Monday, October 29, 2018

The LSB Supports Diversity

Recently it has come to our attention here in our 31st-Century corner of the world-wide-web  that Mark Waid, well-known author of such classic comic book characters as Superman, Captain America, Daredevil, the Justice League, and, yes, the Legion of Super-Heroes, is being sued by a writer and comic book critic named Richard Meyer. In the lawsuit, Meyer alleges that Waid interfered with a contract Meyer had signed with independent comics publisher Antarctic Press. Meyer is suing Waid for $75,000 in financial damages and for defamation of character, as Meyer contends that Waid has described him in less-than-factual terms.

We here at the Legion of Super-Bloggers are not going to get into the merits of the lawsuit. However, it seems abundantly clear to us, a group of predominantly white men celebrating a fictional group of characters from nearly two dozen different planets that diversity is good.

In fact, the Legion of Super-Heroes is an icon of diversity. The Legion was one of the first mainstream super-hero teams to have more than just two "token" female members. Saturn Girl was one of the first female leaders in comics. From the very beginning, the Legion represented the positive aspects of diversity: we Earthlings could not only get along with each other but we could also get along with aliens, too.

Of course, we are not unaware that the Legion was created in 1958. A product of its time, the humans were all white for a very long time. But we learned that we could and did have green, orange, and blue friends, and the message was clear. The comics eventually got better and the humans more diverse. We could have Black, Asian, Latino, and LGBT friends. We saw the future, and it was good.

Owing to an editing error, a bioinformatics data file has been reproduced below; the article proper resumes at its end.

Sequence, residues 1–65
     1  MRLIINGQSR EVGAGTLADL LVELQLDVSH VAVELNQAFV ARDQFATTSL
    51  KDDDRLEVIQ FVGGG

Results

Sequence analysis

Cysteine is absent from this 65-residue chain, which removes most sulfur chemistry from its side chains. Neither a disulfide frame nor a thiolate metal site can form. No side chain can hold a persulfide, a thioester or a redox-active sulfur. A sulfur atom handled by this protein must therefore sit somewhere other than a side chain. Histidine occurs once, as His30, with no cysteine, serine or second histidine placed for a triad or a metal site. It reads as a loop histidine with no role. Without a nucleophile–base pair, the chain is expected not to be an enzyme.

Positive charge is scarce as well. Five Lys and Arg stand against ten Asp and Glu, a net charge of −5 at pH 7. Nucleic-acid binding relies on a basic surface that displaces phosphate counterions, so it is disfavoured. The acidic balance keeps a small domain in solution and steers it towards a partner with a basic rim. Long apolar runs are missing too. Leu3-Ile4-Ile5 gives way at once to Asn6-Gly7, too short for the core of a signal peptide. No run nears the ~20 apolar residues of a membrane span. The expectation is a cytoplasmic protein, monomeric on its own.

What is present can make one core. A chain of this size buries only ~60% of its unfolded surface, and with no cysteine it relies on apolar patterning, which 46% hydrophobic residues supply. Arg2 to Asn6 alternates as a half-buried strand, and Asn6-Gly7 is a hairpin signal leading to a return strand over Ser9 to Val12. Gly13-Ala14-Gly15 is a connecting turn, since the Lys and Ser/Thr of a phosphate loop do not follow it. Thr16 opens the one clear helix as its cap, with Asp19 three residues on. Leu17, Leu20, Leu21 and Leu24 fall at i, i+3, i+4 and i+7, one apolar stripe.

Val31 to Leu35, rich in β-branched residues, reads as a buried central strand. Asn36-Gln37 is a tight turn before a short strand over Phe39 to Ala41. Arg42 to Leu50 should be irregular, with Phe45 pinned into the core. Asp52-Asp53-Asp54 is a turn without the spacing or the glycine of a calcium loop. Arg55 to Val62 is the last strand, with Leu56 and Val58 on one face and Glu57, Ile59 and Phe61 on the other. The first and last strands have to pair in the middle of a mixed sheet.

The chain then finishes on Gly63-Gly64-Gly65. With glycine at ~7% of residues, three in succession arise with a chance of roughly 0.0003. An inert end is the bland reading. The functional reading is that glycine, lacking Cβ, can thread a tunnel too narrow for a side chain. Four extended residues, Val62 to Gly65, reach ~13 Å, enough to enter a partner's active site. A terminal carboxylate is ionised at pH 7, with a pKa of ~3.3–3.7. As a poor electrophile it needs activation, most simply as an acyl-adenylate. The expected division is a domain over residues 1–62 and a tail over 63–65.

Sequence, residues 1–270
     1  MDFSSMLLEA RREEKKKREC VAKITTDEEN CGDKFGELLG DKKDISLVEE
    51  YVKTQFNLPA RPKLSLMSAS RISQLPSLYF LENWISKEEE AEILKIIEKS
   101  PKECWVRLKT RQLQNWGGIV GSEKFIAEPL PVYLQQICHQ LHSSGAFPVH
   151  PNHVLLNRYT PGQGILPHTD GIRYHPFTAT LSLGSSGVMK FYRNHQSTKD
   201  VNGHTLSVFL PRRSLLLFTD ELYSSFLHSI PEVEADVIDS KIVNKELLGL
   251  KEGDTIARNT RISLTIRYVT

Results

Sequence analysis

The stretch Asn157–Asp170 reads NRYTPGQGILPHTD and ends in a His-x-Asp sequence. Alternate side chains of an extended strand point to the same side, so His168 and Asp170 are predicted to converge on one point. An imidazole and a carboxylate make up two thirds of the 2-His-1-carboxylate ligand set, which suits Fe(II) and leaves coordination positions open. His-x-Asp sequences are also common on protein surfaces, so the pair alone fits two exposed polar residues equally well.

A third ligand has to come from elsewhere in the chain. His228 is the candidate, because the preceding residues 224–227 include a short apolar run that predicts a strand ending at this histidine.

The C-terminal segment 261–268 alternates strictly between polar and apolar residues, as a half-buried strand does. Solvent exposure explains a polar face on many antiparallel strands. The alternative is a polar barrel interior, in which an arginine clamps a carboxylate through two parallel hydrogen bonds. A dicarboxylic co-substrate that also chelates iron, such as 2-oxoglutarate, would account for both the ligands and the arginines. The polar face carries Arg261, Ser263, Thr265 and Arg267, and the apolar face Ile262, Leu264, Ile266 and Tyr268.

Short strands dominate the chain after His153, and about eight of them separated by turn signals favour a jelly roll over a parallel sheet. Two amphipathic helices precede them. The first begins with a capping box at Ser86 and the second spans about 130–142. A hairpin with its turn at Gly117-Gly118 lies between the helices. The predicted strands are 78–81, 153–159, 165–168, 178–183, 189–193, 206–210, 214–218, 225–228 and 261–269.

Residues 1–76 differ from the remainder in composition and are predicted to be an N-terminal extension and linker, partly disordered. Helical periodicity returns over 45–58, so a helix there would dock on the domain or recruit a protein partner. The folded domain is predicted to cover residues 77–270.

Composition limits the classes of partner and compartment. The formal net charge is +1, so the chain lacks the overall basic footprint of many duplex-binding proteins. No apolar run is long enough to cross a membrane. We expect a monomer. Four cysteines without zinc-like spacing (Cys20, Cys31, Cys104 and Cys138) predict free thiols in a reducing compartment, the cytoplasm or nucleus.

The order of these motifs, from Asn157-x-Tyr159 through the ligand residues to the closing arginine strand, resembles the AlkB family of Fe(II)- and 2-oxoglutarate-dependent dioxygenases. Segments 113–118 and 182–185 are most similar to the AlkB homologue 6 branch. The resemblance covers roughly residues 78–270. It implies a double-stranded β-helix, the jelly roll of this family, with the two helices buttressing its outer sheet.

Mark Waid characterizes the lawsuit as an effort to try to intimidate and silence those of us who stand up publicly against bigotry and racism; against those of us who continue to defend non-white and/or non-male creators from harassment. As the plaintiff has managed to successfully arrange to publish his comic book, we tend to agree with Waid. And as for the defamation charges, if you are interested in what might have defamed him, go ahead and Google "Richard Meyer comics" and read what you find. We'll let him speak for himself.

We here at the Legion of Super-Bloggers agree that all people throughout the United Planets should be able to pursue their own happiness, away from bigotry and harassment. If you are a blue Talokian warrior woman but you want to write comics, you should be able to. Likewise, if you want to publish a story that is based on segregation or exclusion, that's your prerogative. But don't expect us to support it.

The Legion of Super-Bloggers supports diversity and equal opportunity, because that is what the Legion of Super-Heroes would do, and it's what's right.

To support Mark Waid in his fight against this lawsuit go to  http://www.markwaid.com/news/gofundme

Long Live the Legion! 

6 comments:

  1. How is pointing readers to the Gofundme site of just one side not getting "into the merits of the lawsuit?" One party (or both) may be absolutely reprehensible, but that doesn't mean their case has no merit to it.

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  2. ...you're a Richard Meyer follower, yes?

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  3. Nope. Never heard of him before this was mentioned. I just don't want to prejudge the merits of the case. Even bigots are entitled to their opinions, but being pro- or anti- (whatever) doesn't give anyone the right to interfere with other people's business.

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  4. I guess we should have said, "the details of the case." Clearly if you are someone who is known for saying that a woman slept her way into a job or calls a transgender person a "dog-faced boy at the circus" you shouldn't be going around throwing stones at glass houses, ya know?

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  5. Fair point. But from what I looked up, the case is about interference with a contract, not whether plaintiff may be a small minded bleepity bleep.

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    1. There are two parts, one is interference in their contract and the other is defamation.

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